Fatty acid binding proteins in brain development and disease
Review | Published: 14 May 2010
Rong-Zong Liu, Raja Mita, Michael Beaulieu, Zhihua Gao and Roseline Godbout*
Department of Oncology, University of Alberta, Edmonton, Canada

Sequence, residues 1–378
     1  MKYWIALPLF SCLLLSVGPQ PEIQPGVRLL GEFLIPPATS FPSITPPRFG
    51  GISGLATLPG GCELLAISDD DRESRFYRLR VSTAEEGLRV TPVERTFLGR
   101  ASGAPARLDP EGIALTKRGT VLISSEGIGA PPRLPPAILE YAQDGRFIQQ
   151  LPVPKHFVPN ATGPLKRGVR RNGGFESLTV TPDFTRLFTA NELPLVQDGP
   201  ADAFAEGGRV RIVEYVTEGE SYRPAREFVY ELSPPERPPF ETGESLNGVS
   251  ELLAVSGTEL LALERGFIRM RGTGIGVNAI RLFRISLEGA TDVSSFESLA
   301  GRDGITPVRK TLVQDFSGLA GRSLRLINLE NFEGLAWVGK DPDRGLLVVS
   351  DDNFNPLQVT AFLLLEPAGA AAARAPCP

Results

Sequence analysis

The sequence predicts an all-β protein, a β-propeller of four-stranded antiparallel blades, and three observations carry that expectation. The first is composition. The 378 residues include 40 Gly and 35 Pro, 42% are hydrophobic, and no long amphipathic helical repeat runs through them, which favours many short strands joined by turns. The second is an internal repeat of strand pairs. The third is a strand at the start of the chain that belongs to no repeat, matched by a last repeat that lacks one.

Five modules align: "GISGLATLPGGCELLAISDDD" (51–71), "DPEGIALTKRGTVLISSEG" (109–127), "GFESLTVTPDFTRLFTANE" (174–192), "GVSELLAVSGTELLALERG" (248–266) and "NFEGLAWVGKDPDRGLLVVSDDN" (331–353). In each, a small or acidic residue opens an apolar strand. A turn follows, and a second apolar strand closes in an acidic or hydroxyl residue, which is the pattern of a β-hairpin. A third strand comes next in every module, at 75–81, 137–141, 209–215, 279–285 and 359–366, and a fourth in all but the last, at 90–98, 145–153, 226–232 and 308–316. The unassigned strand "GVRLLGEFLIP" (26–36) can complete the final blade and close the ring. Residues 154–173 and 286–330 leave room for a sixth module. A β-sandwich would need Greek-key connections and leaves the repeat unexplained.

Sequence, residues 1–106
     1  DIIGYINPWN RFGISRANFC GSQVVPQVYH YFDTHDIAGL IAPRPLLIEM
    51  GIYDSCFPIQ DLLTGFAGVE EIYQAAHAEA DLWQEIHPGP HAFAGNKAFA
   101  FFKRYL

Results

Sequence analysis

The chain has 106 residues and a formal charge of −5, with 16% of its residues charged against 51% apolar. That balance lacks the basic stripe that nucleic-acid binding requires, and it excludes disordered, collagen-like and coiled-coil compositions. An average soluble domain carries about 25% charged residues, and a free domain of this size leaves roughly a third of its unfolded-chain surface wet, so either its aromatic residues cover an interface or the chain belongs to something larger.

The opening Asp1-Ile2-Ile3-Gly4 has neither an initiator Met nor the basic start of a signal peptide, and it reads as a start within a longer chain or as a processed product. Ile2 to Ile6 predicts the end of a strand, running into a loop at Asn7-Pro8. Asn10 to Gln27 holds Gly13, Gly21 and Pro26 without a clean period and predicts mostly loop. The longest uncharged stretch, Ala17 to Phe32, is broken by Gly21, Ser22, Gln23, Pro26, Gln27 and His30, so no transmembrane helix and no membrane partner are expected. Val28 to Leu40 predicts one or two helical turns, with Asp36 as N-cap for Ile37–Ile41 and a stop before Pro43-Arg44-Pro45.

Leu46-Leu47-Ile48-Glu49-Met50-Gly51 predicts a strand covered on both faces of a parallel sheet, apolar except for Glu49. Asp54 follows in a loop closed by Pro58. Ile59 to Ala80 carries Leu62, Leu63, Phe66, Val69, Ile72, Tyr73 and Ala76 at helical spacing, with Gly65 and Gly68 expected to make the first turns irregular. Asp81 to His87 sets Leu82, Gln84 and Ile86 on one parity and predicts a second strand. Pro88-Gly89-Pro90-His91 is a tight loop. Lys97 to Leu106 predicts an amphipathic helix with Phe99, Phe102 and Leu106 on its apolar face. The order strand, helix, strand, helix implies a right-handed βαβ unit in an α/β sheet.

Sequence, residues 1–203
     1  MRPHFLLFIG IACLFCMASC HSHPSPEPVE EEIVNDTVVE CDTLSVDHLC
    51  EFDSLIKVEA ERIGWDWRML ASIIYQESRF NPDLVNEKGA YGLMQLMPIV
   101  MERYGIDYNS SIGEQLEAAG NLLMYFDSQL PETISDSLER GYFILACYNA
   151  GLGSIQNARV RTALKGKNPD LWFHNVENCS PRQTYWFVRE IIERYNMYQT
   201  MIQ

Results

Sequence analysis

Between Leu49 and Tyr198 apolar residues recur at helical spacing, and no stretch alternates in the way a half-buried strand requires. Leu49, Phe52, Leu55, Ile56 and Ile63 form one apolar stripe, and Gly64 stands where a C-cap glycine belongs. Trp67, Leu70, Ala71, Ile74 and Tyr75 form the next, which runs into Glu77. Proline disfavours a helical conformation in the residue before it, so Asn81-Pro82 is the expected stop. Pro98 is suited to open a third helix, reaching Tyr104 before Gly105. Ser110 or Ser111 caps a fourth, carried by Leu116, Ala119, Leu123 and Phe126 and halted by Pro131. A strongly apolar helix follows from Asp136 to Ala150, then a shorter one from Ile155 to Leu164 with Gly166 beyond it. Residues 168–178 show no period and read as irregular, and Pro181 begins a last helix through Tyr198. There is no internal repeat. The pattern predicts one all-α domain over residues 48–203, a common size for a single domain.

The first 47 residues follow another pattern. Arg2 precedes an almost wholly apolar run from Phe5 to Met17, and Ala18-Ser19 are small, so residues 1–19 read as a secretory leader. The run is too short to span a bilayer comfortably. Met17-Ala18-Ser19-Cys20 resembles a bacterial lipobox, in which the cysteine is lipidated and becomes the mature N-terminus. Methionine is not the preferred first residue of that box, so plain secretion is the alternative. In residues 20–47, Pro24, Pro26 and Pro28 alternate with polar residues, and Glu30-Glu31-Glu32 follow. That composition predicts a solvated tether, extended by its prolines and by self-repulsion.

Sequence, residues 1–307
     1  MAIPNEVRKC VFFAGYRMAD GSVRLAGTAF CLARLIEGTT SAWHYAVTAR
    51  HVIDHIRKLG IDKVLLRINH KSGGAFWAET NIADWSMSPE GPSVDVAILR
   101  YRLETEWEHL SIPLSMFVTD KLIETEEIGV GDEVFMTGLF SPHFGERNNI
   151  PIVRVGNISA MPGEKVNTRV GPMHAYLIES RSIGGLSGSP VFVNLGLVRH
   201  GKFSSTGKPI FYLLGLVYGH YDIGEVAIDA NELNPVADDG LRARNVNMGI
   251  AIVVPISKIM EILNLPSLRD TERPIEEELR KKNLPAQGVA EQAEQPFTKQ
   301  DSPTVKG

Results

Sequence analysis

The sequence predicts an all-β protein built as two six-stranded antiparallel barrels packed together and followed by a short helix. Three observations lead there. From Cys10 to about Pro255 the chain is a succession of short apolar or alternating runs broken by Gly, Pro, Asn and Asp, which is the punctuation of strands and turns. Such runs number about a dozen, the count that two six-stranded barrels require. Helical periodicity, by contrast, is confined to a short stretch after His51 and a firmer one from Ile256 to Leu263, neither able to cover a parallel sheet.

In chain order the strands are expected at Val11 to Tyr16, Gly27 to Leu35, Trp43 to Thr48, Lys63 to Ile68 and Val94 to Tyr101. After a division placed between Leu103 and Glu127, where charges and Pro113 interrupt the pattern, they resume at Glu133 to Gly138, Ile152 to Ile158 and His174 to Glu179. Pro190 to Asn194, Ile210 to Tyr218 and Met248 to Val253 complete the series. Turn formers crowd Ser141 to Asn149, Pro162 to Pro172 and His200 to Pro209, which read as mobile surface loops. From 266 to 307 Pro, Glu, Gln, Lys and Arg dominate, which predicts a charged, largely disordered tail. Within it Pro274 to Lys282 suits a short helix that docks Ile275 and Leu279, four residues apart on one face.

Long chain polyunsaturated fatty acids (PUFAs) are critical structural components of the brain and essential for normal brain development. The cellular transportation and physiological actions of PUFAs are mediated by fatty acid binding proteins (FABPs) which are encoded by the intracellular lipid-binding protein gene family. Three of the ten mammalian FABPs identified to date (FABP3, FABP5, FABP7) are expressed in the brain. These three FABPs, along with their fatty acid ligands, have distinct and dynamic spatio-temporal expression profiles that correlate with specific developmental stages and processes in the brain. Functional studies have revealed a variety of roles for FABPs in brain development including the generation of neuronal and/or glial cells, differentiation, neuronal cell migration and axis patterning. A number of transcription factors have been shown to be involved in the developmental regulation of FABP gene expression in the brain. Furthermore, FABPs appear to be major downstream effectors of signaling pathways such as Reelin-Dab1/Notch which mediate neuron-glia crosstalk during brain development. As PUFAs and FABPs play critical roles in brain development, considerable effort has been placed in elucidating their function in the pathogenesis and progression of brain cancers and neuropsychiatric disorders.